Historical roots: Artists bloom at the Jefferson Library

Lara Gastinger, "Aselepias tuberosa (Butterflyweed/Pleurisy Root)."
Lara Gastinger, "Aselepias tuberosa (Butterflyweed/Pleurisy Root)."
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Quick, name a woman who contributed to Lewis and Clark’s “Voyage of Discovery.” Did you say Sacagawea? Surprise, she was not the only one. Had Lucy Meriwether Lewis Marks not taught her son, Meriwether Lewis, how to treat wounds and sickness with herbs and roots, the entire expedition might have gone septic. Illustrator Christine Andreae discovered this fact while doing research for the 2006 Corcoran exhibition, “Botanical Treasures of Lewis and Clark.”

Intrigued, Andreae wanted to learn more about the twice-married Marks’ career as an herbal doctor, or “yarb,” in late 18th century Virginia. Andreae invited nine other botanical artists to join her in exploring Marks’ life and the plants she likely used in her practice. The results of this two-year undertaking are currently on view at the Jefferson Library in the exhibit, “Lucy Merwiether Lewis Marks: Virginia Planter and Doctoress, 1752-1837.”

Beginning with a portrait of Marks, as imagined by painter Janet Brome, and a quilt created by Vicki Malone, the show comprises 24 botanical illustrations of herbs, flowers, and roots regularly prescribed in Jefferson-era Virginia. An accompanying brochure describes the medicinal worth of each plant.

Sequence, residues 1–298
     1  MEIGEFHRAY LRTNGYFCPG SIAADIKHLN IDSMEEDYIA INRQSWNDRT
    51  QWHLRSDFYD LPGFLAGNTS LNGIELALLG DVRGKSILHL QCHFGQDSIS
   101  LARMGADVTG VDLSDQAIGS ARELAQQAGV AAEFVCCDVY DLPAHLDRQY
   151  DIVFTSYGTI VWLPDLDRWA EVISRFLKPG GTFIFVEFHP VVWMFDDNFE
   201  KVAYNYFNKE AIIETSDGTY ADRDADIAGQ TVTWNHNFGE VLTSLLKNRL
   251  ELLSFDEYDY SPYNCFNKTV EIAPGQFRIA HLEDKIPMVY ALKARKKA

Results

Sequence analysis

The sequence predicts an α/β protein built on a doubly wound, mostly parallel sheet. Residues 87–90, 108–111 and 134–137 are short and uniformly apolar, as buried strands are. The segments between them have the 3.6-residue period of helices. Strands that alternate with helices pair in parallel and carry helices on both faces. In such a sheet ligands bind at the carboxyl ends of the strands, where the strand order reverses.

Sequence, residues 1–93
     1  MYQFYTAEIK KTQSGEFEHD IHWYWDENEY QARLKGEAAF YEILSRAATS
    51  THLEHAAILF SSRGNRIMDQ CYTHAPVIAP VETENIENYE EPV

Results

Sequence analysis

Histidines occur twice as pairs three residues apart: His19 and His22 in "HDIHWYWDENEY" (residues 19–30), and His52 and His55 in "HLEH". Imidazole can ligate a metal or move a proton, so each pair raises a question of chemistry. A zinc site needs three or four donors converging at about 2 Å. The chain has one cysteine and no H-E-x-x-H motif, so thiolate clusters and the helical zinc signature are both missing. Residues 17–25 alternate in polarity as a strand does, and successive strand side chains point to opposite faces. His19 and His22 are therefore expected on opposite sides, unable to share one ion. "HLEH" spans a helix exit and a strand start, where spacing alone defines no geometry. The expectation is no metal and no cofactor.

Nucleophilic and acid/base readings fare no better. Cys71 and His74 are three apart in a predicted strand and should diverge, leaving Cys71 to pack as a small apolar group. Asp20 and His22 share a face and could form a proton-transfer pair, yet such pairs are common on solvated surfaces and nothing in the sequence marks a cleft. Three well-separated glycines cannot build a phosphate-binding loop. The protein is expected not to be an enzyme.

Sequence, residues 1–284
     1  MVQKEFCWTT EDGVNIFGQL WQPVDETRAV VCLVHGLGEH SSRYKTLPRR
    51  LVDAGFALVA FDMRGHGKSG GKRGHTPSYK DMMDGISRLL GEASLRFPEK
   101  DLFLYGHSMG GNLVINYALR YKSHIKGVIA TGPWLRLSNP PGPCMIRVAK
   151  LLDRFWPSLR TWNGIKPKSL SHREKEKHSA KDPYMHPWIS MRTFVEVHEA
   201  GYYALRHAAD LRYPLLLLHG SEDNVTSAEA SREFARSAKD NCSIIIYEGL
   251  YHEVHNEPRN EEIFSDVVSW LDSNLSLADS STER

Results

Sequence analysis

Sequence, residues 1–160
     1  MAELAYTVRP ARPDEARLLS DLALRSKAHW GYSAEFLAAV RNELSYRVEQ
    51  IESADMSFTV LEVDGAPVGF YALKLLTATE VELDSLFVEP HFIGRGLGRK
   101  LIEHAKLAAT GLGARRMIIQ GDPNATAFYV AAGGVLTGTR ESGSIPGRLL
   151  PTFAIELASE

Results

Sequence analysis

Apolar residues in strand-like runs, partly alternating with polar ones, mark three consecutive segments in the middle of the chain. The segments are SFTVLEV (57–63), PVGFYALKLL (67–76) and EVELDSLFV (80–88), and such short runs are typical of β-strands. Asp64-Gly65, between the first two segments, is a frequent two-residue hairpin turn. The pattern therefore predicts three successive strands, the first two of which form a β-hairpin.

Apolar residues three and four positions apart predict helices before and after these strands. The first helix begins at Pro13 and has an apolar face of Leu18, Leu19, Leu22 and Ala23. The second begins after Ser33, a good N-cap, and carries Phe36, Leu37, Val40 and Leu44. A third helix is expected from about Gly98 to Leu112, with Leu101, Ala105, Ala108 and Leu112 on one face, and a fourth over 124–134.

Beyond the historical value of the exhibition, the variations in representational style reveal how each artist infuses individual flair into scientific studies. Most of the illustrations conform to a standard in which secondary views and/or detailed close-ups in graphite supplement a central color image, usually rendered in watercolor. But within these formal parameters, certain artists excel.

Lara Gastinger’s ButterflyWeed, for instance, features a graphite drawing on the left depicting a shoot of seedpods crawling with bugs. One pod releases feathery seeds that blow across the page behind the central image of an orange-blossomed sprig. In addition, Gastinger includes a small representation of a root ball, deftly using the negative space of the page to represent the roots themselves.

Another standout is Christine Andreae’s Black Cohosh. Here a graphite drawing of the above-ground foliage serves as a backdrop for the plant’s mauve, russet, and gold medicinal root, which appears almost heart-like at the center of the image.

Two of the most striking pieces are by Vicki Malone, who opts for a black rather than white background. Her illustration of a Mayapple, with brown tendril-laden roots curling beneath red-veined green leaves, is particularly compelling.

A content-rich website supports the library display, offering biographical information about Marks, a discussion of historical medical practices, and insights about the images from the individual artists.

The exhibition, “Lucy Merwiether Lewis Marks: Virginia Planter and Doctoress, 1752-1837” is on view through November 12 at the Jefferson Library. A website with information that enriches the library display is located at http://www.monticello.org/library/exhibits/lucymarks/. 1329 Kenwood Farm. Rte. 53, 1/3 mile beyond the entrance to Monticello. 984-7540.

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